by Brad Nelson 11/24/13
Man cannot be a religious creature, or a good creature, unless he has a sense of gratitude. Democrats instinctively (perhaps unconsciously) know this which is why they stoke grievance and dissatisfaction amongst their constituents.
“It’s a Wonderful Life” is certainly a feel-good film. But it is far more than that. It is a slice of the American Dream and of the American Character. If it is not always as it should be, in practice, it is what we aspire to.
It is common in some parts of the worlds for life to be cheap. Dennis Prager has a saying: There are two types of people, the decent and the indecent. I suspect most of us delve into a little a both. But there are clearly indecent people. And a people can be made indecent by bad values, bad politics, and just bad bad. This is the legacy that Obama and his ilk are leaving us. Bad.
Obama doesn’t love this country. Leftists don’t love this country. For them, it’s not a wonderful life. It’s a miserable life. It’s a racist, sexist, homophobic life. That’s the poisonous lens through which they parse everything, and they have plenty of the lower-tier useful idiots who inhale this doctrine like second-hand smoke and regurgitate it in many forms.
Anyone who has ever lived has had portions of their life be shitty. And some lives may be that way on balance, through little or no fault of their own. The idea of “It’s a Wonderful Life” is therefore sometimes seen as a monstrous mockery of this hard reality. Atheists do not not believe in God as much as they are angry at the very idea that someone could have handed them their shitty lives as some sort of divine plan.
One can sympathize with this point of view even while understanding what a dark dead-end it is.
“It’s a Wonderful Life” is infused with a perfume of existence that is like a silver bullet to Leftists, atheists, and those with wounds, real or over-emphasized, who define themselves by those wounds. Howling at the moon can too easily become a way of life.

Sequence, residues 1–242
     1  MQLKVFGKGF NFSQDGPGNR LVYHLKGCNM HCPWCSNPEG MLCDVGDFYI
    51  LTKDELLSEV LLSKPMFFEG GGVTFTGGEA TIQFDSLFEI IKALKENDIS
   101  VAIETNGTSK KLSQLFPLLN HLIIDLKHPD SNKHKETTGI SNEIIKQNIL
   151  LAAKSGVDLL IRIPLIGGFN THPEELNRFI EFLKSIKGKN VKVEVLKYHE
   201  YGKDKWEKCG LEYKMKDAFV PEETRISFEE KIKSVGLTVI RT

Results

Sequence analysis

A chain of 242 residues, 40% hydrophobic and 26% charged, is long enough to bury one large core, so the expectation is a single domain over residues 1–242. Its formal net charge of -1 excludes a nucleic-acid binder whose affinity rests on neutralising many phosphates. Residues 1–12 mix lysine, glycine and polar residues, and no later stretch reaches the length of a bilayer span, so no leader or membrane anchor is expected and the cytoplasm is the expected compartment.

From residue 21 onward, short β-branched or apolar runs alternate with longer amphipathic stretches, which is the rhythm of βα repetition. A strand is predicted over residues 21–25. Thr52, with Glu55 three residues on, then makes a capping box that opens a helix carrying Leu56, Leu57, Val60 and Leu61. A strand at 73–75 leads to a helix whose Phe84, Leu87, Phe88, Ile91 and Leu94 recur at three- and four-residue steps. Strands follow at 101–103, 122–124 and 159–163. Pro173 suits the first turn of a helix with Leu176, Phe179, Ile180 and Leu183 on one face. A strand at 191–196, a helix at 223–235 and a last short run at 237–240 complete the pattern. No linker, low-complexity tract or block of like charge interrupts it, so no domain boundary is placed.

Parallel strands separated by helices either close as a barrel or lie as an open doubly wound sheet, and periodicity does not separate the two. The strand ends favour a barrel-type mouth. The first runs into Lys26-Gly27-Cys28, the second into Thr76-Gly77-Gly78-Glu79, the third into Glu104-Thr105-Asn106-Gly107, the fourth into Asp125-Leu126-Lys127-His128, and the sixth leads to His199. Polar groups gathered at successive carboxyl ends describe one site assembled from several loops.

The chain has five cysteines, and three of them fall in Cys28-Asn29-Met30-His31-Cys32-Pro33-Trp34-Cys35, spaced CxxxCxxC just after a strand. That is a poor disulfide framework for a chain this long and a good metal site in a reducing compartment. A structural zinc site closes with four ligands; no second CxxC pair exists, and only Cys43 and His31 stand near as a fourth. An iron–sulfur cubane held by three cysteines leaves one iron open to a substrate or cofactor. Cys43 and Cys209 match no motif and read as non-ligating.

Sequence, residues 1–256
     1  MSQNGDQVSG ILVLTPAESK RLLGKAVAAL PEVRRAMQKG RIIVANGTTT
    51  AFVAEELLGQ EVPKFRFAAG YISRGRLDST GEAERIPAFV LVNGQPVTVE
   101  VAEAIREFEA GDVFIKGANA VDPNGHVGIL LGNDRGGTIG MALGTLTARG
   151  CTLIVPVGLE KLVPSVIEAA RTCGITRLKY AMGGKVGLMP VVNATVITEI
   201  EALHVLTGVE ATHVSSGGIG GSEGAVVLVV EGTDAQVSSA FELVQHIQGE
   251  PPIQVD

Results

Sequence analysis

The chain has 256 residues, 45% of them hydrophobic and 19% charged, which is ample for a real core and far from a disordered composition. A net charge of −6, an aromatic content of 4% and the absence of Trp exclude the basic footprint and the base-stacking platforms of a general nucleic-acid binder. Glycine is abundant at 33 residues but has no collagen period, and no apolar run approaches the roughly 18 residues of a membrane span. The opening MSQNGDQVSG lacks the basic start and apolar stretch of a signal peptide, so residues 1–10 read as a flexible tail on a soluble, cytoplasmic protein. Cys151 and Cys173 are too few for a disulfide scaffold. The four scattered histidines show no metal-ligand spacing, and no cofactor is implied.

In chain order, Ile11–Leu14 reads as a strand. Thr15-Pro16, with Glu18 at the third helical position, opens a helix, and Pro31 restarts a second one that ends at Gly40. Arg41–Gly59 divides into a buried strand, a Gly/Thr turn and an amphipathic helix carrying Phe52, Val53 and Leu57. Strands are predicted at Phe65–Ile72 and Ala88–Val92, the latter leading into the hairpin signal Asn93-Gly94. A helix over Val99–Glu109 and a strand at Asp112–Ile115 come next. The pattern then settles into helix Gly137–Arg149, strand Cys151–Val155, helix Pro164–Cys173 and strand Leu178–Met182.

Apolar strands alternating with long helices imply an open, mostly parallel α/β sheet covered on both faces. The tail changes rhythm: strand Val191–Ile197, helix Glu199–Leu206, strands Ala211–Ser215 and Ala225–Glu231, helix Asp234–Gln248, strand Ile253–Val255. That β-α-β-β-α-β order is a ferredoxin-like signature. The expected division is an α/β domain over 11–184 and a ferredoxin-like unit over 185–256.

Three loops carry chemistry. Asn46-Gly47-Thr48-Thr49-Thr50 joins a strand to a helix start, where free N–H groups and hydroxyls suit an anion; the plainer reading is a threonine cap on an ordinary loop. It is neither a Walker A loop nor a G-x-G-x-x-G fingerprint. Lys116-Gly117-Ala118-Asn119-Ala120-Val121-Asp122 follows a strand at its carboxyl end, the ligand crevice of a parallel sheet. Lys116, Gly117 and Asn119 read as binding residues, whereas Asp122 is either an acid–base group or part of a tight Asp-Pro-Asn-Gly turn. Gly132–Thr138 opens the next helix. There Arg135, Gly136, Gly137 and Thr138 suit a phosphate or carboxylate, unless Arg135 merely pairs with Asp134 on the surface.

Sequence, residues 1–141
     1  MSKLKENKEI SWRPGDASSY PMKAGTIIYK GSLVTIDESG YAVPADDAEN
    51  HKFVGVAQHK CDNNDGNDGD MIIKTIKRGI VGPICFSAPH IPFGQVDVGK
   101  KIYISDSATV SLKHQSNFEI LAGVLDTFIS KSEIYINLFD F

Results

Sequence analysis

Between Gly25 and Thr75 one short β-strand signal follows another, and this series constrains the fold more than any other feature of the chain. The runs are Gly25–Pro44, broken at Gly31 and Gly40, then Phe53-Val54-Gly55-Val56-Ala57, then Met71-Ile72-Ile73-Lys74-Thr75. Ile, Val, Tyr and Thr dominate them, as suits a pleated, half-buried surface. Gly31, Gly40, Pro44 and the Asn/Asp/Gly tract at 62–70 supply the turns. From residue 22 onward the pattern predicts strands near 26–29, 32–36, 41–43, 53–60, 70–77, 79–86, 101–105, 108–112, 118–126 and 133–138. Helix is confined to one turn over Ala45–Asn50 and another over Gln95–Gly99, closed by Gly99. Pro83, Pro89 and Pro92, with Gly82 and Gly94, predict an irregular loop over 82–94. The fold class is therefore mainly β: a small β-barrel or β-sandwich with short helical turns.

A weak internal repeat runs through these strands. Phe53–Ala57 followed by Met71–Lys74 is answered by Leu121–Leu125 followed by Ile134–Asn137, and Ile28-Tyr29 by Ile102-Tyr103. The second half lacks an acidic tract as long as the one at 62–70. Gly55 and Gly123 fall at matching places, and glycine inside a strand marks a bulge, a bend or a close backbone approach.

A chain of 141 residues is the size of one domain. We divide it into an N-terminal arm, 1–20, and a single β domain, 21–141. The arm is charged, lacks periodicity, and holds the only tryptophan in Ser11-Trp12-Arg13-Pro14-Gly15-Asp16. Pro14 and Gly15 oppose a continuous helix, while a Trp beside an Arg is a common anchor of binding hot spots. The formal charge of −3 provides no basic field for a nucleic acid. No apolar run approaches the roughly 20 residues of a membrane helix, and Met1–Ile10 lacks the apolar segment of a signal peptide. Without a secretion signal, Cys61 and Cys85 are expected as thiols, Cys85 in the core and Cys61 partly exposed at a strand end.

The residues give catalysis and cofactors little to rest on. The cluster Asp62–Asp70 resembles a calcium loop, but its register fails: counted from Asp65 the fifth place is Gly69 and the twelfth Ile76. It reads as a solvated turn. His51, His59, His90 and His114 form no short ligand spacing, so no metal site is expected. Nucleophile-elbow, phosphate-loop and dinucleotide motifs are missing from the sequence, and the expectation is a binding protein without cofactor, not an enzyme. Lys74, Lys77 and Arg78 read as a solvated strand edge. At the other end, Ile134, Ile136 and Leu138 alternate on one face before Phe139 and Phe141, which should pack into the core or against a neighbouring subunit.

But “It’s a Wonderful Life” is the opposite of a howl. It is a mixture of ethics, character, community, and charity that is incompatible with those who nurture a sense of grievance, victimhood, and thus are left angry and ungrateful. George Bailey is just one example of one life. But this story could be told with a thousand different characters in that role who have lived quite different lives. But the same situation remains: Shall we define ourselves by our troubles?
A little angel called “Clarence” reminded George that he was more than his passing wounds and disappointments. He was allowed to see his life with new eyes. No one has to deny the hardships, the true injustices, and just plain bad luck. But it’s easy to become defined by them.
“It’s a Wonderful Life” is the intersection of art and risen humanity. It’s more than just a movie. It’s more than just passive entertainment. It is a glimpse of a noble human spirit that is noble because it refuses to be otherwise, even if it has every excuse to be otherwise.
And sometimes we all need a shove in the right direction so that it can be thus. There are so many vulgar, poisonous, dishonest, and dreadful things pulling us in contrary directions. And just as there are many George Baileys, all with different life stories to tell (and to overcome and to appreciate), so there are many types of Clarences. Maybe it won’t be an actual angel that gives you perspective on your own life. Maybe, indeed, it could be something as novel as an old movie.
“It’s a Wonderful Life” is a movie that matters. And given where we are now in this culture, it is art such as this that can give us inspiration not to give up or give in. It’s not that we’re surrounded by Mr. Potters. If only. Such people can be dealt with. We are surrounded by much worse, by much darker forces than an old skinflint.
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